This post is part of the ‘Tales From The Other Side Of …’ series. There are so many stages, achievements, milestones and heartbreaks we go through as parents and whatever we are experiencing, whether good, bad, exciting or terrifying, it’s always nice to know someone else has already done it and come through the other side. To find out how you can get involved and share your story/tips and tricks click here. Today we have the lovely Emma from Cubkit with the tale of her recovery from Post Natal Depression.
My two children are playing together on the floor. My eldest is pushing his big red fire truck around on the carpet and the little one is crawling after it, trying to hit the flashing lights with his squidgy hands.
I sit back and relax, my hands wrapped around a warm mug of coffee as I enjoy a slice of contentment.
It has taken me a while to get to this point of calm and happiness. Earlier in the year, I was battling postnatal depression, an illness that affects one in ten women in the UK.
If you are reading this then you might be going through postnatal depression now, wondering whether it will ever end and waiting for that dark cloud to lift.
Although I’m early on in my recovery, I can assure you that it does eventually get better and there is support out there to help guide you through the pain and loneliness.
My postnatal depression caught me off-guard. I never experienced it with my eldest child, despite going through a traumatic birth. I waited for it to appear, but it never did. I was a really happy and content first-time mum.
The second time around, it crept in rather unexpectedly. I don’t know how the door was left open when I was sure I had a good lock on it. Perhaps it was during a particularly hard night feed, or when I developed mastitis in both breasts and full body hives.
It may have been triggered on the day we bought our baby home from the hospital. I was sad and upset that the house wasn’t ready for a new baby. The floors weren’t mopped, the sides were cluttered and the baby’s room wasn’t prepared for his arrival.
During the dark nights, I held my baby closely, tearfully saying, “I’m so sorry, baby” over and over again.
The first three months were a blur. I can’t remember much. I look back at photos from that time and can’t recall the days they were taken.
I was torn in two directions most of the time, struggling to cope with the needs of a toddler and a baby, like I wasn’t doing anything right for either of them.
I felt strange and detached, like I was in the room but not there at the same time. I suppose I saw postnatal depression as something that makes you sit and cry all day. But my only feeling was numbness which erased my ability to enjoy both of my children. The sparkle and shine of first time parenting had been replaced with an undercurrent of gloom.
Most of all I felt guilty.
Guilt is an odd thing. Some days it can let you know when you have done something wrong and when you need to make something right. But when you have postnatal depression, guilt takes up space and steals your energy, creeping in and creating a wall between you and the people you love.
I was frozen by guilt. I did not know how to fix whatever it was that I perceived myself to be doing wrong.
Instead, I dragged myself through the days, trying to raise a smile, connect with my children and be the ‘fun mum’. I ensured they were well fed and loved. But my mental health was fighting a losing battle.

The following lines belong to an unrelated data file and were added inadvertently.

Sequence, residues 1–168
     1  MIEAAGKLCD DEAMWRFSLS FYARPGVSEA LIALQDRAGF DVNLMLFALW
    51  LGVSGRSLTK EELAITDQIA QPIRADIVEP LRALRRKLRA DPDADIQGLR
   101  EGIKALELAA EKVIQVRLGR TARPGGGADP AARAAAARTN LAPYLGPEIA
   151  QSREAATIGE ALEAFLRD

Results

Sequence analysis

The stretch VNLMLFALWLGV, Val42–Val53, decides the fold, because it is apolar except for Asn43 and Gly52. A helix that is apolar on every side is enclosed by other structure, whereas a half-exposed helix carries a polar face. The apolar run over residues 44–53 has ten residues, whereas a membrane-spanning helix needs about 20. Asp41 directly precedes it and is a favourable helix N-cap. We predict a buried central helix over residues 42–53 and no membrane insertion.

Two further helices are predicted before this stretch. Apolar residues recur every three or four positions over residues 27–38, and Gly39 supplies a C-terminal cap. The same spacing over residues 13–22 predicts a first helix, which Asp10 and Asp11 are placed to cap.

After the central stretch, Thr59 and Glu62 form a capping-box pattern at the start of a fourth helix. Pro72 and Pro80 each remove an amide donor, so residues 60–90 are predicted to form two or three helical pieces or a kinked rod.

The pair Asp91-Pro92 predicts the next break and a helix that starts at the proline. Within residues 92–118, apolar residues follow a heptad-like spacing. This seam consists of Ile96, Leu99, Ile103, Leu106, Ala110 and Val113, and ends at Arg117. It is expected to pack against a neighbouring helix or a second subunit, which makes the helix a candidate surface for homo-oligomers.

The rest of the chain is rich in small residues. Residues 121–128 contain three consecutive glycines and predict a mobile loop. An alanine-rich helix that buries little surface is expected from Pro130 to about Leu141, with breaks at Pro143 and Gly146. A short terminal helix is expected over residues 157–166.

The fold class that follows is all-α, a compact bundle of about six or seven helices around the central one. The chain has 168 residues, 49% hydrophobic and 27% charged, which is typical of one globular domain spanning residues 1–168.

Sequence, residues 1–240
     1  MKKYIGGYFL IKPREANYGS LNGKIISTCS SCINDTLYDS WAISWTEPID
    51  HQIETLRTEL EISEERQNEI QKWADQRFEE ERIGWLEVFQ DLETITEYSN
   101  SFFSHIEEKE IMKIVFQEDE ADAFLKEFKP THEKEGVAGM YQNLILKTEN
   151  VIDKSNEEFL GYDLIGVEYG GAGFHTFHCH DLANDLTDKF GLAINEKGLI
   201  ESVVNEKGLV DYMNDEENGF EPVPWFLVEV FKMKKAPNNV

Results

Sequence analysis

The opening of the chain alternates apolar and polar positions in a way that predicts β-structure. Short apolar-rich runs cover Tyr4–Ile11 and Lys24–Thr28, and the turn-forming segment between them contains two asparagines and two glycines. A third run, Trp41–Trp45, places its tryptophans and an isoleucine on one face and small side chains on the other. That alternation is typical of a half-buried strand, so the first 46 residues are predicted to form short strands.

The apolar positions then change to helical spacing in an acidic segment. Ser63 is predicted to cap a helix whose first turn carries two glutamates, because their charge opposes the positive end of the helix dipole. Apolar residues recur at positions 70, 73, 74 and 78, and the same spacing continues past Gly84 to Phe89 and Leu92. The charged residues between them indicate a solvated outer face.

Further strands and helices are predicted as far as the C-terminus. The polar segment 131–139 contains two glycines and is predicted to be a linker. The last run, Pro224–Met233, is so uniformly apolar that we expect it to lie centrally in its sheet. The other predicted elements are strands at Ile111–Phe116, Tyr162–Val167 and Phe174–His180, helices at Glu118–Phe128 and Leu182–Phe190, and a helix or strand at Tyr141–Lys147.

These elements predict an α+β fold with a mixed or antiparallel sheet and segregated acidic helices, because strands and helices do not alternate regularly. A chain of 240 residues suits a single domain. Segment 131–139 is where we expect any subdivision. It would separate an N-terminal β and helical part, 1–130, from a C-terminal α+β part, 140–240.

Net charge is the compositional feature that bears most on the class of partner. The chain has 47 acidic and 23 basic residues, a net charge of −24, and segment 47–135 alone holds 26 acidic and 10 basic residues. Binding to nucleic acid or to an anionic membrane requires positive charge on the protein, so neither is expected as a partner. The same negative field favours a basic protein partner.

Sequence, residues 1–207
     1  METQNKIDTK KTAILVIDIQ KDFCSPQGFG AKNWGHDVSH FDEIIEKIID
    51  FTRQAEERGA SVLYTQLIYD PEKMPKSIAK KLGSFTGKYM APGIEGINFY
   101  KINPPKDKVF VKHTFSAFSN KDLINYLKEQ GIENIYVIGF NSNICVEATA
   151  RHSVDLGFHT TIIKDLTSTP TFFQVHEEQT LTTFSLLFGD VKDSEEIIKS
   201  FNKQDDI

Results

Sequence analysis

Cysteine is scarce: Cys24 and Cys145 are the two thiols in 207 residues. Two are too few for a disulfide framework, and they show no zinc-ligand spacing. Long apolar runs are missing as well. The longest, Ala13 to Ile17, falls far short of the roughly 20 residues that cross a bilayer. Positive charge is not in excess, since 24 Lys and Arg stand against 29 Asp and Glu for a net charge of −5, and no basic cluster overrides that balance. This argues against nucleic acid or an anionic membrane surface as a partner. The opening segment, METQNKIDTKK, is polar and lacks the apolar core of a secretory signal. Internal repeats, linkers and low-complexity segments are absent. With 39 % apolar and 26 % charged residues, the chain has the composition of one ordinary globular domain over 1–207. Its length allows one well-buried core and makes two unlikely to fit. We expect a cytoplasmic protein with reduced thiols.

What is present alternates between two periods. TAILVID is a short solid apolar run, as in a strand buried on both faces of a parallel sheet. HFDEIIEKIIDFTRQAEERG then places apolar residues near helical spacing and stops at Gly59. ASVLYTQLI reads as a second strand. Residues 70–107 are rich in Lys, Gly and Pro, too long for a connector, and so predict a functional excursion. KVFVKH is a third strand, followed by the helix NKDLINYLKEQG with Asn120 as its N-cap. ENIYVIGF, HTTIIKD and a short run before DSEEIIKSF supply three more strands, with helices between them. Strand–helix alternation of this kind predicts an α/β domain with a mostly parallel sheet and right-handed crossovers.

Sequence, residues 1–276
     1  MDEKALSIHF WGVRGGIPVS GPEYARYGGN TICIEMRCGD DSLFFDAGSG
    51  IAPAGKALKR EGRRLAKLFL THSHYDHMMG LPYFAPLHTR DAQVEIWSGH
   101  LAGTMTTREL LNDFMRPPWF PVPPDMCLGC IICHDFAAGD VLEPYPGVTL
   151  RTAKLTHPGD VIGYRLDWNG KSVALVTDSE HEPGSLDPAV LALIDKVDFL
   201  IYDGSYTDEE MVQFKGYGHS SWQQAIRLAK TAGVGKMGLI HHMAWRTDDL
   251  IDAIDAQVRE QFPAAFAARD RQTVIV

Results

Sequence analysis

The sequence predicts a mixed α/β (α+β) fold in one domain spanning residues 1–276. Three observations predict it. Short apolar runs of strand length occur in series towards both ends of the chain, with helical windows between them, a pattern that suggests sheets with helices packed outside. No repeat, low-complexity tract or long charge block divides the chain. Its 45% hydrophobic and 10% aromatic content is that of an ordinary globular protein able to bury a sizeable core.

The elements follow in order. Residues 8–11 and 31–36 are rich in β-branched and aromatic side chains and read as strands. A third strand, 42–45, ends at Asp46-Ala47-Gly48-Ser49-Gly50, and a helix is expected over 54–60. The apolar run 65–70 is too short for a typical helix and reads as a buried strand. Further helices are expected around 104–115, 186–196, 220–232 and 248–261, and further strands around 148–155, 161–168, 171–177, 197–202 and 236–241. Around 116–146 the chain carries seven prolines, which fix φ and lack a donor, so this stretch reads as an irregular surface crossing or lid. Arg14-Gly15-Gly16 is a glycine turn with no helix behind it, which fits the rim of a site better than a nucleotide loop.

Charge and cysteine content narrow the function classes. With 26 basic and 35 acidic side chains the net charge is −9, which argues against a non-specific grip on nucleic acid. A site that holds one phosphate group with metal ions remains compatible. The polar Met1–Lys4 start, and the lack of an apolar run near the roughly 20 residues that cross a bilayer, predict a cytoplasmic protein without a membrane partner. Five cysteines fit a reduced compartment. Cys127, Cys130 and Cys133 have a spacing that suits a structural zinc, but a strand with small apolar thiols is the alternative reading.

Inevitably, anxiety wormed its way back into my life. Worry consumed everything. I had panic attacks, was paranoid and filled with fear. Some days I was convinced there was something out there to get the children, me or my husband.
When my baby turned eight months old, I had a realization that the baby days were slipping by and I was missing it. Enough was enough.
I desperately wanted to reclaim my state of mind and get better. So I spoke to my GP who offered medication but I decided to take a therapeutic route instead. I contacted IAPT who were able to help me get back on track by offering cognitive behavioural therapy to manage my postnatal depression and anxiety better.
The most important thing I have learned is that you need to admit when you are struggling and that it’s okay to feel down.
In the quiet moments when I let my mind wander, mum guilt slowly pulls and tugs at my insides. My heart aches when I think that my youngest son has yet to see his mummy smiley and happy. But I’m getting there and he is such a happy boy so I’m sure there’s no damage done.
Parenting is hard, relentless and at times, lonely. Don’t be afraid to lean on your family and friends as you never know who has been through the same thing.
My therapist reminded me that it was okay to take some time out, too. Self care is crucial when you’re a parent. As they say; happy mum, happy baby. Every now and then treat yourself to a solo trip to the shops, a quiet coffee or a long bath. Although it won’t cure postnatal depression, it will give you much needed breathing space when your mind feels muddled.
So if you are reading this and feel like you need help, please speak to your GP, health visitor, friend or family member.
The storm may be wild and frightening right now, but once the rain stops and the clouds start to clear, you will be able to breathe in the fresh air and enjoy the moment once more.
Emma, thank you so much for sharing your experiences with us. Postnatal depression really can affect anyone and although we are getting better at talking about it, people find it really hard to admit it when they’re struggling. We’re all so good at putting a brave face on, and pretending that everything is ok, but we really shouldn’t. If you’re struggling please do as Emma suggests and speak to someone, don’t suffer in silence.
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